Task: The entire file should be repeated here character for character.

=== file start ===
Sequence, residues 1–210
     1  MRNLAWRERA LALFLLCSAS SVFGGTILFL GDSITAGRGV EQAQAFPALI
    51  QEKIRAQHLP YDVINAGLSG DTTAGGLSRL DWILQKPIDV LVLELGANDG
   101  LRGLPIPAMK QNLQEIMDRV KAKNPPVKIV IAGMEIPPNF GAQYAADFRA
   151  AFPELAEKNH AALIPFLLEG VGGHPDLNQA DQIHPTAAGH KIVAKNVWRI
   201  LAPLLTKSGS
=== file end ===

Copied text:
Sequence, residues 1–210
     1  MRNLAWRERA LALFLLCSAS SVFGGTILFL GDSITAGRGV EQAQAFPALI
    51  QEKIRAQHLP YDVINAGLSG DTTAGGLSRL DWILQKPIDV LVLELGANDG
   101  LRGLPIPAMK QNLQEIMDRV KAKNPPVKIV IAGMEIPPNF GAQYAADFRA
   151  AFPELAEKNH AALIPFLLEG VGGHPDLNQA DQIHPTAAGH KIVAKNVWRI
   201  LAPLLTKSGS